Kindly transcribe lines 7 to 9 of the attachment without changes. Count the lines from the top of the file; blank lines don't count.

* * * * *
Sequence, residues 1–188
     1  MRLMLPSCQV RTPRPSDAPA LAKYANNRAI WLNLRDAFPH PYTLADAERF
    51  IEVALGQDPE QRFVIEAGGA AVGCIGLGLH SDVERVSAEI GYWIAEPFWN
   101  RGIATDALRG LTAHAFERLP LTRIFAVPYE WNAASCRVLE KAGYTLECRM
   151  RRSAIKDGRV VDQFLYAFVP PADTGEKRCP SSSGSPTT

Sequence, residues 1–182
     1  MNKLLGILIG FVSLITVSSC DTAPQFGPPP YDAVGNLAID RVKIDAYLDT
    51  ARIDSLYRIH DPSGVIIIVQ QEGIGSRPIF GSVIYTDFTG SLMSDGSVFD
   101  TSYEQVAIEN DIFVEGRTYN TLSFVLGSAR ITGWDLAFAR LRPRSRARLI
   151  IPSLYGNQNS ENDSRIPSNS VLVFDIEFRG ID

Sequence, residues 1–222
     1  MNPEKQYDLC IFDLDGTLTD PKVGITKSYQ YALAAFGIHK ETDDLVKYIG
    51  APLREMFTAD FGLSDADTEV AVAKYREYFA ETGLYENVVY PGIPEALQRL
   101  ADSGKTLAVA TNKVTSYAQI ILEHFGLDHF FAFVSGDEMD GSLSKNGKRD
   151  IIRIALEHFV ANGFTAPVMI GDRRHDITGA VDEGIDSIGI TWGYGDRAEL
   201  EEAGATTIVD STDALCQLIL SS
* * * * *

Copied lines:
     1  MNKLLGILIG FVSLITVSSC DTAPQFGPPP YDAVGNLAID RVKIDAYLDT
    51  ARIDSLYRIH DPSGVIIIVQ QEGIGSRPIF GSVIYTDFTG SLMSDGSVFD
   101  TSYEQVAIEN DIFVEGRTYN TLSFVLGSAR ITGWDLAFAR LRPRSRARLI